The political double-cross

21 02 2017

In discussing the “resolution” of the stand-off between the military junta and its “friends” protesting a proposed coal-fired power station for the south, PPT had the feeling that the junta had managed to get its political ducks in a row.

It seems not.

Deputy Dictator General Prawit Wongsuwan has denied that the junta has backed down “from the planned construction of a coal-fired power plant in Krabi but only ‘slowed down’ its implementation.” As he “explained,” the junta was “slowing it down in order to proceed…”. He said the only option was to “build the coal-fired power plant…”. Then he said that perhaps the plant will use “other fuels such as palm oil to replace coal is another topic. In any case, we must build it.”

The first suggestion we recall for palm oil-fired power station in the south came from the Democrat Party. It seemed to want two plants, one with palm oil and the other with natural gas.

On palm oil-fired power stations, read The Guardian (“the maddest energy scheme the world has seen”) and Friends of the Earth’s 2006 position paper. Denuding what remains of the southern forests, adding to the haze and planting palms all over the place is unlikely to do wonders for the environment and tourism.

Back to the General: “The government has not backed down and everything has been carried out according to procedural and legal steps…”. He seems to mean that a new environmental and health impact assessment will be completed.

As an op-ed at the Bangkok Post observes: “What is the point of having the EHIA redone when the decision that the project will go ahead has apparently been made?”

As that op-ed points out, the coal-fired plan had “not been approved by the responsible agency, the Office of Natural Resources and Environment Policy and Planning (ONREP).”

Further, it states that “ONREP said the Electricity Generating Authority of Thailand (Egat) which is in charge of the Krabi power plant project, withdrew its EHIA from consideration by the ONREP’s panel of experts two years ago.”

Despite the “health and environmental impacts study still pending, the National Energy Policy Committee (NEPC) chaired by Prime Minister Gen Prayut Chan-o-cha, however, gave the project the go-ahead last week.”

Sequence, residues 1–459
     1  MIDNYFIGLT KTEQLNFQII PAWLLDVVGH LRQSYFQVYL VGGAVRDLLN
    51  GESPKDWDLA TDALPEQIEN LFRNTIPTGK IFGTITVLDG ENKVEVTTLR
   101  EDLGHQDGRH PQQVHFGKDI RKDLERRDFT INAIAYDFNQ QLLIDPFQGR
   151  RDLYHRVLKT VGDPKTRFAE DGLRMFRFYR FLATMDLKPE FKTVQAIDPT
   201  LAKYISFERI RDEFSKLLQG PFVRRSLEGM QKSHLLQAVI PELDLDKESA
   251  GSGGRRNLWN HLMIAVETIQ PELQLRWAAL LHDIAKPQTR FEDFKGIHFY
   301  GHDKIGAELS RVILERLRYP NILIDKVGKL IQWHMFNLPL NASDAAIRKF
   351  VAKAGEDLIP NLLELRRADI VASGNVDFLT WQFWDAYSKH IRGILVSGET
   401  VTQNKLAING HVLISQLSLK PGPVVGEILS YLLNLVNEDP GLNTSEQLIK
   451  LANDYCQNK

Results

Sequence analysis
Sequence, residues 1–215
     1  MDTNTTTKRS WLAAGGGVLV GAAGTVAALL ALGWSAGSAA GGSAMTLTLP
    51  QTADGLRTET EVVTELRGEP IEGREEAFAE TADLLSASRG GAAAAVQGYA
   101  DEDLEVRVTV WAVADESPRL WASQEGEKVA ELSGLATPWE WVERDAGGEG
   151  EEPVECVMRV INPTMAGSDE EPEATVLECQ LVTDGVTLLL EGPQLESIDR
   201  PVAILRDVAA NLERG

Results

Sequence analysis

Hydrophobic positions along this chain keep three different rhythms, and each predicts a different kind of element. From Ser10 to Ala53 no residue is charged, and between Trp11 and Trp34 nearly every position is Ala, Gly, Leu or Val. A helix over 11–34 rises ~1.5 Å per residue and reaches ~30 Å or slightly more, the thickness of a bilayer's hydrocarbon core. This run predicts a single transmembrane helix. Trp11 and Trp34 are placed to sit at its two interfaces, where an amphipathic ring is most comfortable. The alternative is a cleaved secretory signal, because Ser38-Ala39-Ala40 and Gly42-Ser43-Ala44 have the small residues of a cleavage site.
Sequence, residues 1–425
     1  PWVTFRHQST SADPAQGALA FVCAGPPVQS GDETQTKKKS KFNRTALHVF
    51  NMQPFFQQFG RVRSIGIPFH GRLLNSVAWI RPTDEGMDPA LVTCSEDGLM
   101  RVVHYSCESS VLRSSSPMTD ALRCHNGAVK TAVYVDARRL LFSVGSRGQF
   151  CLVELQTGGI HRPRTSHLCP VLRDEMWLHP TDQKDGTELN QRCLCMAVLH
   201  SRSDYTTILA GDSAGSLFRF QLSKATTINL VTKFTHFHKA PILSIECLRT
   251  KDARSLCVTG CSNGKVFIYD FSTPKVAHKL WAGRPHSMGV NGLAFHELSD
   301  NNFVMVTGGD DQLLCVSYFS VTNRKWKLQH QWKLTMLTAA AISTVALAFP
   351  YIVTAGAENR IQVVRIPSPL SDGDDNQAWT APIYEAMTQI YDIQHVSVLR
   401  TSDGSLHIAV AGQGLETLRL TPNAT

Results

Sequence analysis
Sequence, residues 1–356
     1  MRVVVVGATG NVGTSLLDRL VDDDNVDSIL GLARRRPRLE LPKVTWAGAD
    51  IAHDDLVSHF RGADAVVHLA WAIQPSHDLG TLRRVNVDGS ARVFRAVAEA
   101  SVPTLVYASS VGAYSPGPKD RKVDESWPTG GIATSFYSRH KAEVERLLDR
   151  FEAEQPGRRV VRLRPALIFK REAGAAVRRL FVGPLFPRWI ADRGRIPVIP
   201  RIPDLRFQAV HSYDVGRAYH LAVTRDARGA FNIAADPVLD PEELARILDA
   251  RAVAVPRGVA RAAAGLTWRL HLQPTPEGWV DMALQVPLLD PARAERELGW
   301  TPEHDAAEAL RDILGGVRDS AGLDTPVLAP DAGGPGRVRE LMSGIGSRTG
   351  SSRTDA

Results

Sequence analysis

Meanwhile, “Egat has also gone ahead and awarded a contract to build the 32-billion-baht plant to a consortium of Power Construction of China and Italian-Thai Development…”.

The conclusion in the op-ed is: “If the project is pre-determined to proceed as stated by the Gen Prawit, it should be presumed that whatever the public has to say about it will not make any difference.”

We wrote about double standards but we can now see we should have discussed the political double-cross. The junta may still be in trouble with its natural political allies.

(As a footnote, we can’t help but think about Rolls Royce, Diageo, Tyco, General Cable, and more.)





With 3 updates: Arresting protesters

18 02 2017

Several reports say that the military junta has moved against anti-coal-fired power station protest leaders.

Khaosod reports that the junta’s thugs arrested “three activists who led an overnight protest in front of the Government House against the regime’s plan to build a coal power plant in the south.”

At least “100 protesters from Krabi province demanded the government scrap the project, citing fears of environmental and health damages, only to be told by junta chairman [General] Prayuth Chan-ocha on Friday the construction will go ahead as planned.”

They rallied at Government House overnight and in the morning, police “moved in and arrested three protest leaders and took them into custody.”

The police arrested Prasitthichai Nunual, Akaradej Chakjinda and Mom Luang Rungkhun Kitiyakara. Yes, that’s a princely Kritayakara.

Later, another two were arrested.